Getting to know Air: What is the prevailing climate where you live? What is your climate zone? What is the coldest month of the year by average temperature? What is the hottest? What is the coldest historical temperature? The hottest? What birds in your area are invasive? Where are you in relation to the jet stream? What is the major driver of weather in your bioregion? What direction does your weather come from? If you live in the same area as your family, how has the weather changed since your parents or grandparents were children? When do birds in your region begin to nest? When do they leave on migration? What birds in your area are threatened or endangered? Where is the best place to fly a kite? What wildlife lives predominantly on the land portion of your bioregion? What species are native? Non-native? How many of them can you identify? Who are the historical inhabitants of the land where you live? Are any of them economically or culturally important?? How are bees doing in your region? Do you get tornados? Hurricanes? Do you live at an unusual altitude? What sort of interaction do people in your area have with air–is there a local airport, a military base with jets?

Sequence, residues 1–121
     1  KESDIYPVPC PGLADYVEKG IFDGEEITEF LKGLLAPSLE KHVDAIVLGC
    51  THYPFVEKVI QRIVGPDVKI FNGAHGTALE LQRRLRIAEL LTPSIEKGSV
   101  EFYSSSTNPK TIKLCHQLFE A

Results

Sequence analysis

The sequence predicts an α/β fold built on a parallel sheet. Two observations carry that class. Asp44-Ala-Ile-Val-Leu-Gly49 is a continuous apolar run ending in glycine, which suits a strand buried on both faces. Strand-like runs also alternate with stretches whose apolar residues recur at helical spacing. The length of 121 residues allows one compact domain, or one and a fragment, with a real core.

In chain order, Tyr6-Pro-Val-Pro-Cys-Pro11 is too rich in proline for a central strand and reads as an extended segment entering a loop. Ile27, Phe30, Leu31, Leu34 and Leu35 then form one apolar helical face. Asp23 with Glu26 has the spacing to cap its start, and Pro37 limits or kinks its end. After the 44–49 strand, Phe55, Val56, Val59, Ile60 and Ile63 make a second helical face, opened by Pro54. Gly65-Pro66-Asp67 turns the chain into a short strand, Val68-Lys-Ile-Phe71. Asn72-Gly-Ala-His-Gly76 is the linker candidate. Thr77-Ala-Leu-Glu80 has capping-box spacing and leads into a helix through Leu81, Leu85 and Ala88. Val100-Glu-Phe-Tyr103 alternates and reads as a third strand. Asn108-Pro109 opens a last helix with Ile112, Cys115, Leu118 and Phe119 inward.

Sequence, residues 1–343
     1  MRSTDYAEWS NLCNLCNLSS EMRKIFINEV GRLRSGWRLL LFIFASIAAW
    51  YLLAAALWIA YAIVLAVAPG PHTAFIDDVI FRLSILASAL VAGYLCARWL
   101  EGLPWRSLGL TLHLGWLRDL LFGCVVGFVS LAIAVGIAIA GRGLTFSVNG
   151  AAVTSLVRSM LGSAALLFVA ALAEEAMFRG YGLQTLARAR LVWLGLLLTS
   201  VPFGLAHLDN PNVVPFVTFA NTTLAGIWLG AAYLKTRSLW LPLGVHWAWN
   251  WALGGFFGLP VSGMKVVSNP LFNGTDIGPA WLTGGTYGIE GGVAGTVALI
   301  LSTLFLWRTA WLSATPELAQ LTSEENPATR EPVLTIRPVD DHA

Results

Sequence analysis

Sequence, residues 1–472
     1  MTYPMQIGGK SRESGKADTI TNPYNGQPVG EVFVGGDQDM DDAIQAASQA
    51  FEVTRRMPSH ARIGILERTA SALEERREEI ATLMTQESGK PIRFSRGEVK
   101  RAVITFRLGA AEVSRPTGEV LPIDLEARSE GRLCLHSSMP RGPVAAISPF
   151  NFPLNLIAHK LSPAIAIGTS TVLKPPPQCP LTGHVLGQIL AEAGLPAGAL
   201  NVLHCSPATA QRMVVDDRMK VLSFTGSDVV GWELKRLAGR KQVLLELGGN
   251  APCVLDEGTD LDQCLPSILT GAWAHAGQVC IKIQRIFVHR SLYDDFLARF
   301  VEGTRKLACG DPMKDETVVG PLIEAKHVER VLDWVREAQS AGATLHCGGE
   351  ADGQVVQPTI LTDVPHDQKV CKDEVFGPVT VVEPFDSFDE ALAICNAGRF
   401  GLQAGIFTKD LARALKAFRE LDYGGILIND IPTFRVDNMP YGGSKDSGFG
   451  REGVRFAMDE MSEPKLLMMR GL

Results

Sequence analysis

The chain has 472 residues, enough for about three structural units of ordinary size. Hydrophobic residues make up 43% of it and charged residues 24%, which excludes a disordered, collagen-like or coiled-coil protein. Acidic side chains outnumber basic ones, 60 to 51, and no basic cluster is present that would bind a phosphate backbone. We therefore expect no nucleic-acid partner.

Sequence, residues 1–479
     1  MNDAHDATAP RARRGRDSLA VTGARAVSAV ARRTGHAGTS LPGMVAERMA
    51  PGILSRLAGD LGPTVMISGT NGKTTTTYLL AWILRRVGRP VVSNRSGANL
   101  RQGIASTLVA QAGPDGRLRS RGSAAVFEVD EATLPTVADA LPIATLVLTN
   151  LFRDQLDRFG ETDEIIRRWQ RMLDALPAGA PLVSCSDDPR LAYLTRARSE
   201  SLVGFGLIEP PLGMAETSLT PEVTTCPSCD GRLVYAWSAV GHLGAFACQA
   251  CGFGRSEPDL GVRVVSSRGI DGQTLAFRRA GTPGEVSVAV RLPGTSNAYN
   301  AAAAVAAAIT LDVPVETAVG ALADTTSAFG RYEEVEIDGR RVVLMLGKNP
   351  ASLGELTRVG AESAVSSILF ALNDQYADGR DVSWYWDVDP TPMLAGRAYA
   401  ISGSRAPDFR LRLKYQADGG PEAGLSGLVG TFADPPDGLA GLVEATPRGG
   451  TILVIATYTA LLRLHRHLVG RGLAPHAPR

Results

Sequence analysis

Getting to know Fire: What is your latitude? At the Summer solstice, how much daylight do you get? At the Winter solstice, how much daylight to you get? Can you see the aurora from where you live? What constellations can you see on a summer night? In the Winter? How has fire traditionally played a role in the health of your ecosystem? How have humans changed the role of fire in the health of your ecosystem? How do you use fire–directly, or indirectly in your home? If you have a fire pit or fire place, where do you get your fuel from? Where does your electricity come from? What do you use your electricity for? Where else do you use fire (or a byproduct of fire, like electricity or an engine that relies on combustion) in your daily life? What products do you use that require fire (or “fire”) in its manufacturing? Do you live somewhere that the fuels for fire (such as coal, oil, natural gas, uranium) is extracted or produced? How is your bioregion effected by these processes? How much air pollution in your community comes from the byproducts of combustive processes–cars, factories, etc?